I've lived in government-subsidized housing for the past nine years. It's certainly not a 'badge of honor' in many people's eyes, but it is definitely a unique vantage point from which to observe how society behaves toward the less fortunate. I've seen what comes in those Christmas gift bags from the Salvation Army (travel toothbrushes and pictures of Jesus, oh boy,) and I know that yes, government-issued cheese really is that good. But, having received donations of canned goods from friends, family members and others, I've learned that sometimes you actually need to look a gift horse in the mouth. Otherwise, you might end up really sick.
Consider the case of my close friend (who shall remain anonymous) and her two grocery bags full of food. She and her mother cleaned out their pantries to give some food to their local food bank, but since my fiance' and I were on a tight budget, she offered to bring them to us instead. The gift was certainly appreciated, and we made several meals out of her donation. However, somewhere along the way I noticed an expiration date on a canned good or a pack of mix. Keep in mind that I was reading this label in early 2007--the expiration date read 2003. I checked a few more canned goods; several also had expiration dates of 2003 and 2004, respectively. If you consider that most canned soups, vegetables and gravies have a shelf life of one or two years, this meant the items in question had to have been bought in 2001 or 2002!
This kind of situation has two possible motivations, but one common and very innocuous beginning. Something gets bought from the canned food aisle and put in a cupboard. Maybe it was purchased on a whim; maybe the buyer's tastes changed after that particular item was bought; or maybe they just stocked up on something and one extra can got pushed to the back of the cupboard. But for whatever reason, there it sits on a shelf for a couple of years, never used. The process repeats a few times in the interim. Then the annual season of giving sounds its call, and prompts a kitchen cleaning. These old cans of food are suddenly discovered, and rather than feel wasteful for throwing away something they surely won't eat, people pass them on to a food bank. We all know the old saying, "beggars can't be choosers", right?
That's my kinder reconstruction of events. I know that many people are indeed genuinely concerned about those who have less, such as my friend and her mother, who probably don't even realize how old the foods are that they donate. Most people don't read labels as thoroughly as I do, either. But that leaves the other motivation, and the other group of people. These individuals go through life wearing figurative blinders, who don't even bother to think about the ilk that live in a lower tax bracket or, worse, depend on programs supported by what taxes their betters can't get out of. The only time these blessed upper-middle-class patriots think about the poor is when they vote to curtail social programs, then feel guilty afterwards and drop coins into a red bucket outside the mall. For those people, donating expired canned goods is a better salve on the conscience than just throwing old food away.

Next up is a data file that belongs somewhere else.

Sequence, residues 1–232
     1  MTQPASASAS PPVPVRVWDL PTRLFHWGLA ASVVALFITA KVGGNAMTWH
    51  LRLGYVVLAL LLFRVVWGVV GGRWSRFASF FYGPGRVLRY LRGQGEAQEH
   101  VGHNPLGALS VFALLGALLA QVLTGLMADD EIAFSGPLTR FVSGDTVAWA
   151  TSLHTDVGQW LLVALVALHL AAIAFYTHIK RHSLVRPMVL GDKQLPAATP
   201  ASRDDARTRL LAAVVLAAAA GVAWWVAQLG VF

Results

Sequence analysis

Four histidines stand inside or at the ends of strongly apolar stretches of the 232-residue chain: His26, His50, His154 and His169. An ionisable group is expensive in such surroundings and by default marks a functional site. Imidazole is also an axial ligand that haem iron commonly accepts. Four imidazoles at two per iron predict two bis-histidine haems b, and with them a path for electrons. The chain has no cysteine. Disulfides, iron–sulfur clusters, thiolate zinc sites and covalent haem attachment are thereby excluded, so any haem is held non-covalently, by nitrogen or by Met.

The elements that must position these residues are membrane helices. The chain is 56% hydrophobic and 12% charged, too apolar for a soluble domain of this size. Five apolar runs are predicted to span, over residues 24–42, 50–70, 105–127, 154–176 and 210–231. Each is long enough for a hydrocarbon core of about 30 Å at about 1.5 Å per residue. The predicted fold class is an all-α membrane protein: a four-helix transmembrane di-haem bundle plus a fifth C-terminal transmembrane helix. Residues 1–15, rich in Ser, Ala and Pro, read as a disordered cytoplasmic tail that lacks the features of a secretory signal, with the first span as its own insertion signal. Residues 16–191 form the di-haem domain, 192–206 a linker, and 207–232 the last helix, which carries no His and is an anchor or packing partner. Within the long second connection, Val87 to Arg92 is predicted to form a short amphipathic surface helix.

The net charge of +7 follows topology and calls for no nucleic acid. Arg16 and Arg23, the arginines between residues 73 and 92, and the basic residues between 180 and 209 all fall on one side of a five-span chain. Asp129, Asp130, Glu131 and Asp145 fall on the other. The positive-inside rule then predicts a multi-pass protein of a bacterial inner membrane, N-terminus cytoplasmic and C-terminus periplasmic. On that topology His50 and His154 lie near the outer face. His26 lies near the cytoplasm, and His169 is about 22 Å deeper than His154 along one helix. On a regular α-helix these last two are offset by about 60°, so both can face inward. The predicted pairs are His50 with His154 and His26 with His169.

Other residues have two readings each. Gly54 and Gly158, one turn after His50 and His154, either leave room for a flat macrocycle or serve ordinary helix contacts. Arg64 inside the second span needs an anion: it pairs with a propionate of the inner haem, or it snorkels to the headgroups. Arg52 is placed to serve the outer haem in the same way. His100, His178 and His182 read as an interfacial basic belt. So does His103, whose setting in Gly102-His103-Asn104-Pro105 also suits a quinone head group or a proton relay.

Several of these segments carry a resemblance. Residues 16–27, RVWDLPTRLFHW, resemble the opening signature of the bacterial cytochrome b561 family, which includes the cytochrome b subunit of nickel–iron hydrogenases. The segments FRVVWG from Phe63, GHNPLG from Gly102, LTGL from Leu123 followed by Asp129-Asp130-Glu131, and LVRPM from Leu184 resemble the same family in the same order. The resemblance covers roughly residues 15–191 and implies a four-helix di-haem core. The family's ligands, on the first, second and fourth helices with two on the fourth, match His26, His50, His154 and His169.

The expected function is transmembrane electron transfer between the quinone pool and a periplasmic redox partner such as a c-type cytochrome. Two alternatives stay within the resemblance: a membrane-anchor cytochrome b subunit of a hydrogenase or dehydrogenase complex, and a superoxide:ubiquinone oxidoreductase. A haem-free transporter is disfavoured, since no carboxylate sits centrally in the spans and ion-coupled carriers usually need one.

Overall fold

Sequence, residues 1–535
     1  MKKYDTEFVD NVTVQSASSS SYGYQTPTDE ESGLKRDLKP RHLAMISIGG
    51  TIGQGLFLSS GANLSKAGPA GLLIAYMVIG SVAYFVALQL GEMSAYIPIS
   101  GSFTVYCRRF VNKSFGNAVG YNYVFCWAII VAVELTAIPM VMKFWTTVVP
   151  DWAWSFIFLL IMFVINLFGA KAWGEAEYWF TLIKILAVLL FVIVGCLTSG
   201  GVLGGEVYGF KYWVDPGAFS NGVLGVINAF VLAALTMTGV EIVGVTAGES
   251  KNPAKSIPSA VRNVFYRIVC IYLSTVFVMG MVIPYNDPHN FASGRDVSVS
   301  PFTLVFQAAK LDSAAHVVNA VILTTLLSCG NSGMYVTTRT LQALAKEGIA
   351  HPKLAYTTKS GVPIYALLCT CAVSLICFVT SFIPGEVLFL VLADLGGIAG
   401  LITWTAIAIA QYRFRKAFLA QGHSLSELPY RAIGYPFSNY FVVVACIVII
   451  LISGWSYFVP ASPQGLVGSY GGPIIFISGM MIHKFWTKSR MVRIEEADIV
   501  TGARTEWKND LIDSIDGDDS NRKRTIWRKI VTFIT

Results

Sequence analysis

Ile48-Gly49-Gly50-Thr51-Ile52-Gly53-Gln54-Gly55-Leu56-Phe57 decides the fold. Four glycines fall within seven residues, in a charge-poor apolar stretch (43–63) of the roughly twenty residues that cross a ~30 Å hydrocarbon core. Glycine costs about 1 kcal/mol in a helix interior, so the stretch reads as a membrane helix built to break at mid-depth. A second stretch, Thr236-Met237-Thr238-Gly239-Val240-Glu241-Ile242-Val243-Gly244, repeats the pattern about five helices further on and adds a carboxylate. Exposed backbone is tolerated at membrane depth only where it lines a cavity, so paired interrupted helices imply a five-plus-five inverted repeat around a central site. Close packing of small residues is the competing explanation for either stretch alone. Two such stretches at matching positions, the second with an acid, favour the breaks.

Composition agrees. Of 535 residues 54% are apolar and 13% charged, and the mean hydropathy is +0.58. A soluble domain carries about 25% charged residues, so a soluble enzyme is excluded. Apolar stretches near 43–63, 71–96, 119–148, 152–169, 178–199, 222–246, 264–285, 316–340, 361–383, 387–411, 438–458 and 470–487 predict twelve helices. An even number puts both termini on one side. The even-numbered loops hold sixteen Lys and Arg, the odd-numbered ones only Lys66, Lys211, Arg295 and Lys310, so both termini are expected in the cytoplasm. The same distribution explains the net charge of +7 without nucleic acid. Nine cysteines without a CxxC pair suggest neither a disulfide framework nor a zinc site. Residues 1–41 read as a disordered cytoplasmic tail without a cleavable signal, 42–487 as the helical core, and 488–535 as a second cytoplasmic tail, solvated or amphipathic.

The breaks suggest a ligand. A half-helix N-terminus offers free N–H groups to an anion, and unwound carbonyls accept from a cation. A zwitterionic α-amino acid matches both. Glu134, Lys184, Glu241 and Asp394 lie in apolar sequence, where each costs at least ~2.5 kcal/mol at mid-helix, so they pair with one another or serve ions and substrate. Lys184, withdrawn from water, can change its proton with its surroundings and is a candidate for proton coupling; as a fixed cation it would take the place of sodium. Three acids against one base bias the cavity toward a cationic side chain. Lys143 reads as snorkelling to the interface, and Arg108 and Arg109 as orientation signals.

Whatever the intention or lack thereof, the end result is that less fortunate people can end up with food that isn't really safe for them to eat. And, having a better education and way with a keyboard than many others in my position, I consider it my duty to speak out on all of our behalf. This is one social problem that is easily solved. It involves only the most minimal of sacrifices: a few moments of time, and maybe a few dollars at the store. If you plan to donate canned goods this holiday season, then by all means, do go through your pantry and look at all of your wares. But check for expiration dates on all of your goods: if something has a date that's expired, throw it away. If it has no date, it's probably still good, but be thorough; some dates get stamped on the bottom, on the sides, or sometimes crimped onto the end of a packet. If you end up with nothing to spare at the end of your cleaning, just get an extra can or two of something you normally buy and donate that instead. The meaning at that point is much more personal, more truly generous. Instead of just saying, "here, have this," it says, "I like this, I hope you do, too." At that point, you are indeed being a friend to the poor.
So remember this holiday season: Before you donate, check the XP date.
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